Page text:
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It's Topic Tuesday!

What is up family! We are pleased to welcome you back to our weekly series where we help share some interesting articles to learn together. Last week, Duc shares some awesome facts about TEE. Can you answer this week’s challenge question:

TEE allows use to get high resolution images of the thoracic aorta by using a probe that travels through what structure? Comment the answer down below, no peaking!!

This week, I wanted to share this interesting article from the US FDA regarding a topic which some have raised in the past — Radiation exposure from CT scans:

As we discussed in prior series, CT scans uses a series of X-rays to create cross-sectional images of the body. Sometimes, your doctors may opt to use iodine-based contrast dye to help better visualize vessels and lumens in your aorta.

One feared risk of CT scans (particularly for those that have undergone several scans throughout their lifetime) is the risk of developing cancer from repeated radiation exposure.

The reasoning behind this fear is that high-dose ionizing radiation (such as those used in chemotherapy) can cause damage to the DNA of cells, which may cause them to develop into malignancy.

However, it is generally believed that the probability of absorbed x-rays directly inducing cancer or causing mutations in your DNA is very small when considering the low amount of radiation used in CT procedures. Other feared risks, such skin injury or reddening are also very rare.

In fact as of the time of writing this article, no major study has proven an association between CT radiation exposure and the development of cancer-forming mutations in healthy cells.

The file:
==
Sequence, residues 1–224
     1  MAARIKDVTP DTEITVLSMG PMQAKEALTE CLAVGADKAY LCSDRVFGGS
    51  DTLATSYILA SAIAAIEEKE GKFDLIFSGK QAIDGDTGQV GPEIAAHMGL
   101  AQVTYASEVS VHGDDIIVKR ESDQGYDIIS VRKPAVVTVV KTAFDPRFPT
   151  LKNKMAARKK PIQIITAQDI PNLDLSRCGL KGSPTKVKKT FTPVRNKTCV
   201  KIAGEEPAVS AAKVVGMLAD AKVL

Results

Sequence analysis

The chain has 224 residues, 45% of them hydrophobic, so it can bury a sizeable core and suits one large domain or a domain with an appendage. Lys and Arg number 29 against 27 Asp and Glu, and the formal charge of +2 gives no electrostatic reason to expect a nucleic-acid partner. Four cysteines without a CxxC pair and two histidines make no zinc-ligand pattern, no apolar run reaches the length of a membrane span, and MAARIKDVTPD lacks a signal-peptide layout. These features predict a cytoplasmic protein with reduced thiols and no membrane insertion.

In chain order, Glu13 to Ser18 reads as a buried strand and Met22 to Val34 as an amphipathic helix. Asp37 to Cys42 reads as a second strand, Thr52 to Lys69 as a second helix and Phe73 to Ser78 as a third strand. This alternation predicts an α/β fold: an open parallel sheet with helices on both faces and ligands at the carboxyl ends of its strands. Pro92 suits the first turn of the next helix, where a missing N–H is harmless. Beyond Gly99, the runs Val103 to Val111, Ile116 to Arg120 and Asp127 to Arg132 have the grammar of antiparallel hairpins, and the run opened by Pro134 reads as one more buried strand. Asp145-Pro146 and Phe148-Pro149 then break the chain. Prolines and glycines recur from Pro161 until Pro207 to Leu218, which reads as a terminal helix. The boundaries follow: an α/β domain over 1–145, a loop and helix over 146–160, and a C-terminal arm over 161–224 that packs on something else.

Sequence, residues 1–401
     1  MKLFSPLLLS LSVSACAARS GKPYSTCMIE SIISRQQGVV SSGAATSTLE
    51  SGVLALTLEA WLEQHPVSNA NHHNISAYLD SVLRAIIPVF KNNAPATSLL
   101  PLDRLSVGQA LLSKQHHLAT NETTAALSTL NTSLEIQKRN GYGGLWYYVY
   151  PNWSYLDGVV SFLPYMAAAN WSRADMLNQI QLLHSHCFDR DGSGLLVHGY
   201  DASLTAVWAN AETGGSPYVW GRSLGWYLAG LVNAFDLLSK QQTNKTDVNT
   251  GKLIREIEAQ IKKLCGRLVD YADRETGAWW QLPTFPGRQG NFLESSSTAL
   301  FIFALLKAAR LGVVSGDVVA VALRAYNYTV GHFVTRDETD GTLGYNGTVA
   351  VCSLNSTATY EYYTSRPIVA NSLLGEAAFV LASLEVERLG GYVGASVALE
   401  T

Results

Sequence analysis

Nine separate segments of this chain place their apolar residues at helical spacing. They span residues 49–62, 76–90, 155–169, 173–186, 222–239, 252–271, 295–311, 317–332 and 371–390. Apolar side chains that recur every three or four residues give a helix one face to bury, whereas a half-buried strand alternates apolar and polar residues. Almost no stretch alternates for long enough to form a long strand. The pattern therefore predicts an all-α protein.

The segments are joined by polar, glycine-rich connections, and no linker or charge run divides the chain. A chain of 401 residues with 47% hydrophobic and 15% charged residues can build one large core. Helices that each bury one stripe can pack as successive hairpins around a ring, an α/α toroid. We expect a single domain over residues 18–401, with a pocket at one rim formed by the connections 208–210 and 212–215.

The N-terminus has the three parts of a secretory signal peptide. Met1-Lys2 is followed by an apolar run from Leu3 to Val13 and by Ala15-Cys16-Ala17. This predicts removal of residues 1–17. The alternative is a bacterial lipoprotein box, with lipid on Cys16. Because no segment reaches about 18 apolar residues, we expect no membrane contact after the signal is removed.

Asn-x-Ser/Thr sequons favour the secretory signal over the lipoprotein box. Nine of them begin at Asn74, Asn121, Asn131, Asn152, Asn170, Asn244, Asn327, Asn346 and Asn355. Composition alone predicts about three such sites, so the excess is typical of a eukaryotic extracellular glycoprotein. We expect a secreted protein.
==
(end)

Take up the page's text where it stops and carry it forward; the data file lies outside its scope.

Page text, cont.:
One’s risk of developing cancer from radiation exposure depends on numerous factors including body area exposed, age during exposure, gender, and dose of radiation.

Below is a table summarizing the estimated dose of radiation exposure in different medical tests taken from a study by Dr. McCollough at the Mayo Clinic -

As you can see a CT of the chest / abdomen for scanning the aorta would range from 7 to 8 mSv of radiation and most tests do not exceed a radiation effective dose of more than 10 mSv.

For context, an exposure to such a dose is estimated to increase the probability of malignancy by 1 / 2000. To compare, the natural risk of cancer in the US is approximately 400/2000 or 1 in 5. This means that the risk of radiation exposure during these tests leading to cancer is much smaller than the natural risk of developing cancer during one’s lifetime.

When factoring in the combined natural risk of cancer (400/2000) in the US and the mildly added risk of CT radiation exposure (1/2000), the risk of developing cancer increased from 400/2000 to 401/2000.

Please note- the decision to undergo CT scans and the amount of radiation used is highly tailored to each patient and will include an evaluation of their age, risk status, and therapeutic benefit of the test they are undergoing. For younger patients, particularly those needing a CT of their abdomen/ pelvis during pregnancy, doses may be adjusted accordingly to decrease lifetime radiation exposure to the patient and/or their fetus.

Be sure to always inform your doctor of prior radiation exposure and share any fears you may have with them! Shared decision-making is key.

Thank you very much for joining us this week. We hope you are enjoying our weekly posts. If you are, please help share them with your friends, family and other loved ones! It is a pleasure to be with you on this journey. Take care and until next time, remember to always Think Aorta <3

- Adham

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